A neotropical migratory bird is a bird that breeds in Canada and/or the U.S. and spends (our) winter in Mexico, Central America, South America, or the Caribbean. Many such species arrive in and/or pass through SE Michigan in May.
Over 2 dozen different species of warblers alone arrive at this time of the year and many, many bird watchers head for migrating warbling hotspots like Magee Marsh in Ohio, Point Pelee in Ontario, and Tawas Point in Michigan.
Warbler chasers come to these hotspots from all over, in big numbers, and with big cameras. These tiny birds (about the size of chickadees) are one of the key reasons that bird tourism is a big business in some locations.
Warblers also pass through Eliza Howell Park, though in smaller numbers. Here are some of the migrating warblers that I tend to see every May in the park. Each picture is of a male in breeding season plumage.
The following photos were all taken by Margaret Weber. My thanks for the permission to use and my appreciation of the quality of the shots.
Blackburnians pass through here on their way to their breeding grounds from mid-Michigan through much of Canada.
Black and White Warbler
This is one of the few warblers that forages for insects along the branches of trees rather than in the leaves.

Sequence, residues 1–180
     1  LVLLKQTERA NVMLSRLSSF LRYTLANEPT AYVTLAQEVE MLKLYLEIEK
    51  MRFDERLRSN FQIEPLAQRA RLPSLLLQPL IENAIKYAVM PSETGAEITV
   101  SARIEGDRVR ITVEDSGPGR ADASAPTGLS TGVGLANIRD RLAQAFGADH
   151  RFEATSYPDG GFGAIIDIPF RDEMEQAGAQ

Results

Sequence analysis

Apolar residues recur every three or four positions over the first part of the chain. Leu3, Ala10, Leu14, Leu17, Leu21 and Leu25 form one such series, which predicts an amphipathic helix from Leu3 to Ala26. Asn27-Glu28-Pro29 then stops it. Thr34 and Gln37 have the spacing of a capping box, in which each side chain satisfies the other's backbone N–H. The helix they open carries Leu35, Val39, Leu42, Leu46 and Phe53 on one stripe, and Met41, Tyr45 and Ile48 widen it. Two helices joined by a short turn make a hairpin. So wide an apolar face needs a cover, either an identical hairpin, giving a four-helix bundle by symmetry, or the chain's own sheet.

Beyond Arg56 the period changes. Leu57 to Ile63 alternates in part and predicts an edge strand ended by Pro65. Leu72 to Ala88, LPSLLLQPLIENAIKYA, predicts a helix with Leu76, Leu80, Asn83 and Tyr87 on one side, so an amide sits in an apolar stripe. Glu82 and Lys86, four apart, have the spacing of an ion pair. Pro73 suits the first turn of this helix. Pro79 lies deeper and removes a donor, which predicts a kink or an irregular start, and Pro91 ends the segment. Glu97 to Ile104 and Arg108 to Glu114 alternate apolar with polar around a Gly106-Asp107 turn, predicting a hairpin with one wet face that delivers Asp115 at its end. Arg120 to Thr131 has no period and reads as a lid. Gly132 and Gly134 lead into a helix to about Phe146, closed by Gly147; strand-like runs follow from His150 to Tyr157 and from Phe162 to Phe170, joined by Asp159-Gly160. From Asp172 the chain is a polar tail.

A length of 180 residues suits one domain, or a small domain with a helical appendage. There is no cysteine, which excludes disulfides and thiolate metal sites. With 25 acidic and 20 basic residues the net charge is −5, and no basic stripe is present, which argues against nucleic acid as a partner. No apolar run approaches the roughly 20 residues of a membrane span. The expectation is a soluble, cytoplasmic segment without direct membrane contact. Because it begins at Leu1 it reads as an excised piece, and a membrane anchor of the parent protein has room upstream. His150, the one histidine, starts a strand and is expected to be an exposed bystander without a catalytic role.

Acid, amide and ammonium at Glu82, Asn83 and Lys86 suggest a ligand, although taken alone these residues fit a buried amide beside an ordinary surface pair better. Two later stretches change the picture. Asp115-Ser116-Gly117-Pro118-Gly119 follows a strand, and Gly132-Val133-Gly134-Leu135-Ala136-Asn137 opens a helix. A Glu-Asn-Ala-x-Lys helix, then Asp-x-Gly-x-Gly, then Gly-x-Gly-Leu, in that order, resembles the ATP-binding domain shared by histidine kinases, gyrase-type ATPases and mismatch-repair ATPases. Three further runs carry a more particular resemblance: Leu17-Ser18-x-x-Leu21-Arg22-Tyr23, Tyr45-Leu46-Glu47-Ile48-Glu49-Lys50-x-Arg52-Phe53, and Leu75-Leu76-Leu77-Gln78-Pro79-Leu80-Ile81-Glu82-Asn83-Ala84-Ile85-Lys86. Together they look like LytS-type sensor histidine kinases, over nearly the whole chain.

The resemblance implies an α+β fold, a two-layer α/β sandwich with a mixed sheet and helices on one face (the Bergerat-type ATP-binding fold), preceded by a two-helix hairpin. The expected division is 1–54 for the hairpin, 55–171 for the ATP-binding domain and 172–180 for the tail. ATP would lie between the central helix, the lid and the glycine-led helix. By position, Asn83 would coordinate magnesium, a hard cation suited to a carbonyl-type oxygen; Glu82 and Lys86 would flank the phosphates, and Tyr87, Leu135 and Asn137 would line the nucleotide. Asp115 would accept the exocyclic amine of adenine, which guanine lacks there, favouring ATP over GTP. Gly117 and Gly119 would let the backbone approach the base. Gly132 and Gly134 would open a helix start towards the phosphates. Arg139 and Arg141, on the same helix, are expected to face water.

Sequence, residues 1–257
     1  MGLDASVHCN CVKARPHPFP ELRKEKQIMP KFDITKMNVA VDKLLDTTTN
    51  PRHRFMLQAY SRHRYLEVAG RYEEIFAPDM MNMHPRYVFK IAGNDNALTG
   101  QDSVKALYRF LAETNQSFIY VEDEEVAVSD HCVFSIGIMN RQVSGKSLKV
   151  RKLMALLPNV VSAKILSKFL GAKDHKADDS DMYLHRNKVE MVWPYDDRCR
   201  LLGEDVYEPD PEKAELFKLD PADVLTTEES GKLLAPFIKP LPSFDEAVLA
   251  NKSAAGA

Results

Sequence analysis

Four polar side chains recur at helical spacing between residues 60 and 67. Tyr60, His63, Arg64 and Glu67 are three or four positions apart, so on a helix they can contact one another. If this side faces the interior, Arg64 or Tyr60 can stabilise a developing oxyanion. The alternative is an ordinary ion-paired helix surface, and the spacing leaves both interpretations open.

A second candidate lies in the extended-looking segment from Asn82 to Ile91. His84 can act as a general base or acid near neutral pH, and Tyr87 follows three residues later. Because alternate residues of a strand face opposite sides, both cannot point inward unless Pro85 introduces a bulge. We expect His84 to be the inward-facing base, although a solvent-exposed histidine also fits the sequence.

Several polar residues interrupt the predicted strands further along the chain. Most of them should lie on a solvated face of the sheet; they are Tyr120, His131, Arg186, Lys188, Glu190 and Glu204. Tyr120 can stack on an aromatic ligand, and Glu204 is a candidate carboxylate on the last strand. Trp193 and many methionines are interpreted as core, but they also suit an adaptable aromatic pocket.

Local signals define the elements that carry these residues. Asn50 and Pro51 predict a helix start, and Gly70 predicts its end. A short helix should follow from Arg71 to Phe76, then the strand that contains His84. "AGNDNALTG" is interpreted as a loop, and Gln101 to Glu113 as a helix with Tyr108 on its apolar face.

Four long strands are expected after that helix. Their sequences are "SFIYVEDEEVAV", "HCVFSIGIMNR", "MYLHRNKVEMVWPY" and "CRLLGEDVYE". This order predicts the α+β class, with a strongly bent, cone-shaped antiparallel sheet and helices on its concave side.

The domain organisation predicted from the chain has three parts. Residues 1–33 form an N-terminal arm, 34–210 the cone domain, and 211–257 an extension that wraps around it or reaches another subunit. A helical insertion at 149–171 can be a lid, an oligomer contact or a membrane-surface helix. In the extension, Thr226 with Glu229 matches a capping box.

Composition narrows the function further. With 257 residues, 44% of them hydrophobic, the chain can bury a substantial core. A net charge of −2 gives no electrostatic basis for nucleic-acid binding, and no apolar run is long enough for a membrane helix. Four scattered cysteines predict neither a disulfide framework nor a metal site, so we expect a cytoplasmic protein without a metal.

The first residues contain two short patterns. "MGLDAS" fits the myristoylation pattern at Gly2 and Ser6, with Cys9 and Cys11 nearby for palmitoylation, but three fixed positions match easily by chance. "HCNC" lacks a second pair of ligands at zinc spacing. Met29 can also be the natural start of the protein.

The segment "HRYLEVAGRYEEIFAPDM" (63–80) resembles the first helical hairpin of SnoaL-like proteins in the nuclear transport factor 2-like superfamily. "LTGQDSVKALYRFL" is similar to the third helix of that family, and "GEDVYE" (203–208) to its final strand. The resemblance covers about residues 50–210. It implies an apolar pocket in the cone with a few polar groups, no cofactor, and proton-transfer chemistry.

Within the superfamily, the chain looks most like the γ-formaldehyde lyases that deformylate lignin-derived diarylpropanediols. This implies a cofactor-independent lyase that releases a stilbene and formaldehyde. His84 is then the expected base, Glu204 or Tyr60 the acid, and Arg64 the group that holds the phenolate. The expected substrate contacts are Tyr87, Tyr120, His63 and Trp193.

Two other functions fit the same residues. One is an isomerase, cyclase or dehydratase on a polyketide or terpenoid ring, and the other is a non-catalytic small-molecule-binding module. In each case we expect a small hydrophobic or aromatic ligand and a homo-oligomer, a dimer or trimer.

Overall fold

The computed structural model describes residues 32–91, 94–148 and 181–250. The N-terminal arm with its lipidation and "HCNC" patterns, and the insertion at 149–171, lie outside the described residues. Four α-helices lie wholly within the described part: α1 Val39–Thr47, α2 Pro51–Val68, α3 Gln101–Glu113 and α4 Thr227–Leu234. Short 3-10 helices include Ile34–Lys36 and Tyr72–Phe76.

Chestnut-sided Warblers glean insects from the bottom of leaves. Their breeding area includes much of Michigan.
In breeding season, this forest bird is usually high in the canopy. In migration, however, it is often low enough for good looks.
The Nashville Warbler is misnamed. It migrates through Tennessee, but neither summers nor winters there. It breeds in northern Michigan and Canada, nesting on the ground.
The Magnolia Warbler was given its name 200 years ago by an ornithologist who found it in a magnolia tree in Mississippi (in migration). It breeds in the northern forest, far from any magnolias.
American redstarts breed in much of the eastern United States, favoring woodlands with abundant shrubs. I have not yet observed them in breeding season in Eliza Howell Park, but it would not surprise me if I do some year.
There is not much that can compare with the excitement of seeking and finding these beautiful birds as they near the end of their long migration northward. During their May migration through this part of the country, approximately May 5 to May 20, I spend some time with the crowds at the famous hotspots.
That is exciting, but it is even more satisfying for me to see these warblers right here in this Detroit park. I hope to introduce others to the experience.